Dropping Strokes From Poor Decisions

Golf is all about making decisions. Which clubs to use, laying up, going for it, where to land the ball on approach shots, aiming at the pin, what is the wind doing or should I putt or chip this shot are but a few thoughts that go through our minds continuously during every round of golf. Most of the time, I have a decision making process, but now and again I let how my game is unfolding drive the answers when playing. I do know, however, that what ever decision I make has the protentional to save or drop strokes. Specifically, poor decisions hurt my score card the most. After years of playing, I have determined the one decision above all others that has to be correct if I want to play well and shoot low golf scores. Do you know what that is?

The area of focus for today’s article is on judging the distance on approach shots. Like many golfers, I think that I can hit the ball farther than I can when hitting into a green. Specifically, when judging the distance I need to fly to ensure that I hit the green and then place the ball close enough to the pin for a reasonable one putt. Earlier in my career, I was horrid at selecting the proper club because I thought my 170 iron would always fly 150 yards regardless of the conditions. This thinking was folly, of course, and it forced me to rethink how I selected my clubs on approach shots.

Fortunately, I found a great video that sums up my entire process (now). It saves me many strokes and is something that all golfers should consider before selecting a club on approach shots:

Making the right decision about how far to hit our approach shot is critical. This decision does not always mean we fly the green, but sometimes we have to land short and let our ball release to the pin. Other times, we have to hit past the pin because that is how the shot unfolds. Regardless, proper club selection is critical to keeping our scores low.

I believe in Pareto’s Principle. It can be applied to all areas of my life, especially my golf game. I now take a different approach to improving my golf game, I look at the larger picture to see what area of improvement will benefit the most parts of my game. The Pareto principle, also known as the 80–20 rule, states that, roughly 80% of the effects come from 20% of the causes. In the case of my approach shots, my 20% lies in choosing the proper distance to hit my ball to achieve the most optimum results. This approach rules out always going for the pin!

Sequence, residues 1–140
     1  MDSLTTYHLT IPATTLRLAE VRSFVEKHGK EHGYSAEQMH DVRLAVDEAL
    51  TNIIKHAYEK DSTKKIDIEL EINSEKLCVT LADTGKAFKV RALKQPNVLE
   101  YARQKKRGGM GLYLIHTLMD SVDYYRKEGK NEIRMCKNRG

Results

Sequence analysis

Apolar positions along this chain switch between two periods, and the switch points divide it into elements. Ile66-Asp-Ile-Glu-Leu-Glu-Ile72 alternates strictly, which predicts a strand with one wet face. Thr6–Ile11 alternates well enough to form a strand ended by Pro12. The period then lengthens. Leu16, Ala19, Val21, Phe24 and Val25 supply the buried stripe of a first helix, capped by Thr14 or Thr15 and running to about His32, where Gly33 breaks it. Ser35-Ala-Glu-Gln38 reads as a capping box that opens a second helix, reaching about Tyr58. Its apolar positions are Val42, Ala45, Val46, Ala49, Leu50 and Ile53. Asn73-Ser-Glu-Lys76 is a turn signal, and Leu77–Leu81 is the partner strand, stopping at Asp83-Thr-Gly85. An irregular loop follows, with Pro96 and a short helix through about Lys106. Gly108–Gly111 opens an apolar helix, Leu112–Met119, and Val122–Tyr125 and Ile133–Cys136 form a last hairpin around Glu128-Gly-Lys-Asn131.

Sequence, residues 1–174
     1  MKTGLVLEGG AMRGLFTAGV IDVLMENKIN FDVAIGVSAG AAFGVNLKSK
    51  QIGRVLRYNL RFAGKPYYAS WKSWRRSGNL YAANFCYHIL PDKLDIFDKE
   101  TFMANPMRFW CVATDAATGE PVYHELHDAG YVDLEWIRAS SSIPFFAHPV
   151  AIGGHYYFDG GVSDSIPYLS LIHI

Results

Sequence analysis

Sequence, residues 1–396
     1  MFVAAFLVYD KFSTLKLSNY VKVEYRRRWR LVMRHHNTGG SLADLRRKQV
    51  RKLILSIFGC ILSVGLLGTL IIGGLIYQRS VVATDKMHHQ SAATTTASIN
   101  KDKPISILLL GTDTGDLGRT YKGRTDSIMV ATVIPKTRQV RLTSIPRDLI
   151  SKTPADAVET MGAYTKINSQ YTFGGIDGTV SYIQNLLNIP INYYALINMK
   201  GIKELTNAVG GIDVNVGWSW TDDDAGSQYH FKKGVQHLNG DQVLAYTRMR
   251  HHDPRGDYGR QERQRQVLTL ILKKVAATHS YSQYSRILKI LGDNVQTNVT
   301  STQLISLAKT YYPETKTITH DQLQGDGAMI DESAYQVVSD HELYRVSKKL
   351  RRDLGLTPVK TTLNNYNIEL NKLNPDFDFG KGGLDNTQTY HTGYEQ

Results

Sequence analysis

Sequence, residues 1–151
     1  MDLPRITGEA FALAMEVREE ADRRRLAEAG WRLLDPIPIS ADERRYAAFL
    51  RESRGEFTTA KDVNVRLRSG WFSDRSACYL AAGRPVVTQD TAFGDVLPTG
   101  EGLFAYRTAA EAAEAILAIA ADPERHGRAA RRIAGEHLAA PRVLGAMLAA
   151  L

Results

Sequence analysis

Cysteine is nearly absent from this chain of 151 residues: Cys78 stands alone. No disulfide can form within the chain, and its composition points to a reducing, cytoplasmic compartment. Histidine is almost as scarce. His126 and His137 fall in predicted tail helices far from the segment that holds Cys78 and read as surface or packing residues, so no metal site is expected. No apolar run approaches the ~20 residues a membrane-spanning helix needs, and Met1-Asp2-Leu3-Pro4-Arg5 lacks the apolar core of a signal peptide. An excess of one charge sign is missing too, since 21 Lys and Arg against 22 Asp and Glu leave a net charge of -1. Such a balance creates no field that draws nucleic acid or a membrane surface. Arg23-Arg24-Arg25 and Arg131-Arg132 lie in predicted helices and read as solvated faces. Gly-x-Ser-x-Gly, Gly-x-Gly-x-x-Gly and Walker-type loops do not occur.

There is no golden rule as to where to hit the ball on approach shots to save strokes. Each shot has its own set of variables that must be deciphered in order to select the proper club. This puzzle solving is called course management, but that is a discussion for another day. If you are looking for a Pareto solution to approach shots, I would recommend aiming for the middle of the green on virtually all approach shots if you want the best results. If you do this, I hope your putting is up to speed 😉

I am a grateful golfer! See you on the links!

4 thoughts on “Dropping Strokes From Poor Decisions

  1. This is not a green I would go to the middle on. And certainly not the back. Long down hill putts are not known for leading to pars or birdies.

    Now the bunker shown would not scare me. At 140 I expect to be able to miss that and don’t mind hitting out of them anyway. The skinny landing area in the issue. Ten feet before or after with 9 feet either side of the flag seems a reasonable landing area to hit from that distance to me. But I wouldn’t be hitting a full swing. I’d being choked to the bottom of that 6 iron hitting a 3/4 swing with a cut off follow through. I simple swing to get right. One that brings a far smaller dispersion pattern than any full swing does.

    And, hopefully, I’d be thinking it’s ok to come up short. That might make me pure it and go a little long, but that thinking will help save me from getting that last second urge to give it more. And I would far rather have a short chip up the slope than that 60 foot downhiller you’d face if you went to the back of the green.

    We make decisions about what shot to take, what club to use, AND what to think. It’s the last I suspect we both miss the boat on sometimes.

    Liked by 1 person

    • Kevin,

      That hole is a difficult shot at the best of times when the pin is up front. It is a great location for the lesson of the video. Your points are one of an experienced player….novices need less to think about.

      Cheers Jim

      Like

      • The swing I’d use is something that may be beyond a beginners immediate ability, and I wouldn’t suggest anyone just try that kind of swing on the course without practicing it, but I would argue that novices should be introduced at least to these concepts. Especially the one that it’s ok to aim to come up short sometimes and in fact there are times when it’s (arguably) the better option. That’s not a concept they will hear from their other beginner friends. It’s one they learn from watching better players or hearing it from them. And it wasn’t offered in the video so I thought it worth bringing up.

        Liked by 1 person

      • Kevin,

        Watching and playing with better golfers is definitely the way to improve our game. I learned that this weekend during the hickory stick tournament. My modern swing was way too aggressive for the equipment….more to follow on that. 😉

        Cheers Jim

        Like

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